Collecting data isn’t the beginning of a researcher’s journey. The real work starts before carrying out an interview. We believe data collection and tagging should go hand-in-hand to set your research up for success. With a little advance preparation, you can save time and reach insights faster using Marvin.
First, we break down the importance of tagging to qualitative research. We then run through a real-life example of how to effectively tag within Marvin to conduct a quick and efficient analysis. The faster you analyze your data, the faster you gain valuable insights about your users.
Table of Contents
- A Qualitative Research Refresher
- What is Tagging?
- Start with Output
- Draft a Discussion Guide
- Tagging, Coding or Labeling
- During Interview
- Use Graphs
- Build Narratives
- Create a Report
A Qualitative Research Refresher
Humans have been counting, performing calculations and using quantitative methodology for thousands of years. Its qualitative counterpart only took off with the advent of the social sciences in the mid 1900’s, but is no less scientific. Today, a large amount of policy making depends on qualitative research.
Quantitative data analysis tests hypotheses:
“Design A is rated more favorably among Management Consultants than Design B.”
Qualitative data analysis is used to understand our environment better, and provides a deeper understanding of what we observe. Asking the same participants:
“What do you think of the design and experience of a research tool?”
Using data, qualitative analysis uses scientific rigor to build theories. These theories must be repeatable — multiple people looking at the same data must come to similar conclusions about it. This adds credibility to the qualitative research study and the narratives we uncover from the data. Crucial to conducting effective qualitative research is tagging.
What is Tagging?
Tags are the building blocks of qualitative research.
So what is tagging? Tagging (also known as “coding” or “labeling,” which we will use interchangeably throughout the article) essentially breaks down large chunks of qualitative data into smaller observations.
Tags help us turn unstructured data into semi-structured data, taking large and complex datasets and turning them into more manageable pieces. By tagging data, we provide context, delving deeper into understanding and analyzing these bite-sized observations.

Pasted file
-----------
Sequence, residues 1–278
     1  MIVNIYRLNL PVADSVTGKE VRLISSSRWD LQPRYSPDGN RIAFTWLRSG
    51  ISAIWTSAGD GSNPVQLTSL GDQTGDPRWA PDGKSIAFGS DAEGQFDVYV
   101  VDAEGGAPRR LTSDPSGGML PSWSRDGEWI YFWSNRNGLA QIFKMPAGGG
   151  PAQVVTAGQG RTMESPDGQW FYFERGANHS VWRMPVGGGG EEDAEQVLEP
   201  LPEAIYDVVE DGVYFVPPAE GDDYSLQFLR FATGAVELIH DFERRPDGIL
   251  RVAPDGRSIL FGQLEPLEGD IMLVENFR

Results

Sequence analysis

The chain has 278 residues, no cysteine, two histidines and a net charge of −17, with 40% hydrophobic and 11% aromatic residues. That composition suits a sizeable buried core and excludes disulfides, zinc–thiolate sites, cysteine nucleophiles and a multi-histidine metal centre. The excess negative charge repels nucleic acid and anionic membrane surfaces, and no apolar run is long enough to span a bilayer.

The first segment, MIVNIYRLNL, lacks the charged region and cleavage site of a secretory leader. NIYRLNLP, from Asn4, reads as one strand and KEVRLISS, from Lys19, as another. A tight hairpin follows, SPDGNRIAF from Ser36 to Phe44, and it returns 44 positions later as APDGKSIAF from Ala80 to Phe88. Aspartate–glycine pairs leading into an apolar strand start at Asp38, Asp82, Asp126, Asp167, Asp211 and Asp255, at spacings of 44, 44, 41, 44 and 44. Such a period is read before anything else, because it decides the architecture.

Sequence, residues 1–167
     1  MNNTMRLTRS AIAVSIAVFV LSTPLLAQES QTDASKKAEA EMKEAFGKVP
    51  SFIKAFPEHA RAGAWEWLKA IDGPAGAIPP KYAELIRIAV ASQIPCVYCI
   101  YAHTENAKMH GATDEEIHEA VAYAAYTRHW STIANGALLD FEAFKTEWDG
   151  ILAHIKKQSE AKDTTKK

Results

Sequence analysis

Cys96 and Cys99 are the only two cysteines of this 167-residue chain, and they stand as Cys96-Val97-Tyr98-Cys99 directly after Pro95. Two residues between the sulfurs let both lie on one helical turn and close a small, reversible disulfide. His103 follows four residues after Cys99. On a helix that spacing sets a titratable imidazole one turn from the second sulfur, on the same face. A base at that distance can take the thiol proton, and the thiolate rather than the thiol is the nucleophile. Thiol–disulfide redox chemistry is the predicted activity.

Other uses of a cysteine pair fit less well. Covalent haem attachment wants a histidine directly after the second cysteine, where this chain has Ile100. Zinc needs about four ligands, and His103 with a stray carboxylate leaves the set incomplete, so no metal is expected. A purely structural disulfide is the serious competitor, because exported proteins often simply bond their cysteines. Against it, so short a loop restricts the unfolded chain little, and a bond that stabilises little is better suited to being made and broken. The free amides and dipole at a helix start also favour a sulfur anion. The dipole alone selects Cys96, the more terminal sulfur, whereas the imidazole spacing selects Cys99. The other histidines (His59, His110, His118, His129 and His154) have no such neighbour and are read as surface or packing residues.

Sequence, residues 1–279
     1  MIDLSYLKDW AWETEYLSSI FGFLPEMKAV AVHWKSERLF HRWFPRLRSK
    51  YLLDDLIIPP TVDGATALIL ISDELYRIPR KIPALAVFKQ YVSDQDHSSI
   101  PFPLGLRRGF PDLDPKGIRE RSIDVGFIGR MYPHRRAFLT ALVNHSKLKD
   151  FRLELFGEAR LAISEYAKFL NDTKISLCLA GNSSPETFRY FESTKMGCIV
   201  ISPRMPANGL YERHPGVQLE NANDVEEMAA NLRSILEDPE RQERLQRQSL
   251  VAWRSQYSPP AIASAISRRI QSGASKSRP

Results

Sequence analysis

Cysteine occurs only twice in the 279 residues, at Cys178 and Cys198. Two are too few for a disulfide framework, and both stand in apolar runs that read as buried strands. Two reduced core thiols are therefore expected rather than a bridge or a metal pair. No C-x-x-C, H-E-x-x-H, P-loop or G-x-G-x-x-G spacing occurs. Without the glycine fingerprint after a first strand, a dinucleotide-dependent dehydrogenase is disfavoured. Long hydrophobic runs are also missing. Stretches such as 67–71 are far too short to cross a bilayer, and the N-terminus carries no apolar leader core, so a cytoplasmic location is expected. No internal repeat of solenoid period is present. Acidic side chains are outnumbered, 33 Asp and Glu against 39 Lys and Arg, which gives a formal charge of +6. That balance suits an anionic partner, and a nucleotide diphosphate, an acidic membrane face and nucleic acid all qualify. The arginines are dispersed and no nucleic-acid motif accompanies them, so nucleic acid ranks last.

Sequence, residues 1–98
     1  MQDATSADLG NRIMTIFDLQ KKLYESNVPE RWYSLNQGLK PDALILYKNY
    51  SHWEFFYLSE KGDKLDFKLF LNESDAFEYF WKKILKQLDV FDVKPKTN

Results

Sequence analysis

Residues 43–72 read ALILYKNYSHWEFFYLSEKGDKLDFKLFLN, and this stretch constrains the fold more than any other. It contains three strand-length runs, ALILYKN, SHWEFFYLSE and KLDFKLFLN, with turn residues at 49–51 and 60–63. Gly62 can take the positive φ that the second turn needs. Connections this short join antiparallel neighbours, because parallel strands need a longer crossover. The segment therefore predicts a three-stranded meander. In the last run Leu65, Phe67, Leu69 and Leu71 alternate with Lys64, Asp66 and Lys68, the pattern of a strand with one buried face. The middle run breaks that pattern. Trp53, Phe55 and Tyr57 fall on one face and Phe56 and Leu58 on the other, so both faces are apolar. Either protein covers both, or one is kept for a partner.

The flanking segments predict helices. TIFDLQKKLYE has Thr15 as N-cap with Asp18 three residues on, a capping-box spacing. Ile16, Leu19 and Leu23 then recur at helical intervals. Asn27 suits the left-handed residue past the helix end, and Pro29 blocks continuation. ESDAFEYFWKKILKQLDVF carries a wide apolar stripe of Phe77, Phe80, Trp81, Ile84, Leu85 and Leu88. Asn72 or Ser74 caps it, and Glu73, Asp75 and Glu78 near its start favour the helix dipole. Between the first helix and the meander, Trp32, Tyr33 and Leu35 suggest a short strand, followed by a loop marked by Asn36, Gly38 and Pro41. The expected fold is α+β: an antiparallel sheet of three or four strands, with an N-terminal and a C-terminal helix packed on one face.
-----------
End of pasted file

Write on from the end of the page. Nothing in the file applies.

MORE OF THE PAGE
Tagging in research has several benefits. It makes data:
- Analyzable - easy to look for patterns; tease out and report these patterns to build out narratives to make decisions. The science we alluded to earlier lies in extracting these patterns and narratives.
- Searchable & Discoverable - even if you are not directly involved in the study, you can always look at the data at any point in the future. Tagging gives us the opportunity to quickly slice and dice data and tie together observations from various different places. This helps broaden our research perspective.
- Shareable - by making observations accessible to your peers, you elevate the voice of the user and create user empathy across your organization. This also allows people to challenge your assumptions and builds confidence in research results.
Let's sink our teeth into a real-life example of how to use tagging within Marvin to conduct quick and effective qualitative research.
During the testing of our product (we promise this won’t get too meta), we interviewed several Management Consultants about their expectations and challenges using research tools. This is how we approached it:
[DISCLAIMER: The following is only a suggested method for conducting quick user research in Marvin. To each their own.]
Step 0: Start with Output
Sounds odd, doesn’t it? All scientific inquiry begins with a question (or questions). You don’t necessarily have to have a well-formed hypothesis when you begin — it can be unclear. However, when you craft questions, you’ll have a ballpark idea of potential answers that may emerge from your research.
Going into our study, we knew certain challenges would be more common for consultants than other professionals. We had no idea of this output ahead of time.
We also knew that certain features would be more useful to consultants. Here, we knew the features we had built. For this output, we were able to anticipate some answers that we might receive — this helped us to prepare the data before beginning our study.
We suggest thinking deeply about the output you have in mind. The more thought you put into how your project will be structured, i.e. the questions you are going to ask and the output that you may get, the easier it becomes during analysis.
Step 1: Draft a Discussion Guide
Good output comes from good input. A discussion guide is a set of questions, tasks or topics that a researcher will address during the research process. These topics enable us to better understand participants' experience and help guide research sessions. A discussion guide isn’t simply a set of questions, it's also foundational to making the tagging or coding process easier along the way.
To create a discussion guide, navigate to the project folder of your choice and click “Discussion Guides” in the sidebar. Hit “/” to begin drafting questions in the document.
The best discussion guides move from easy, specific questions to difficult, higher level ones. Guides help facilitate conversations and act as a reference tool for the researcher. Their purpose is to keep the research focused on the output we mentioned earlier.
Q: If I already have a hypothesis in mind, how do I create questions around it?
A: Turning a hypothesis into questions is an artform, whereby you’re not trying to expose too much of that hypothesis to your participants. Validating or invalidating the hypothesis is your job, not the participants. So, ask questions that go into the context of the hypothesis, not the actual hypothesis itself.
Our hypothesis: Live Notes is very powerful and will resonate with our users.
We showed participants a design with and without Live Notes and asked the following questions:
- What is your process like?
- Do you take notes during a conversation?
- Does this design make your workflow easier?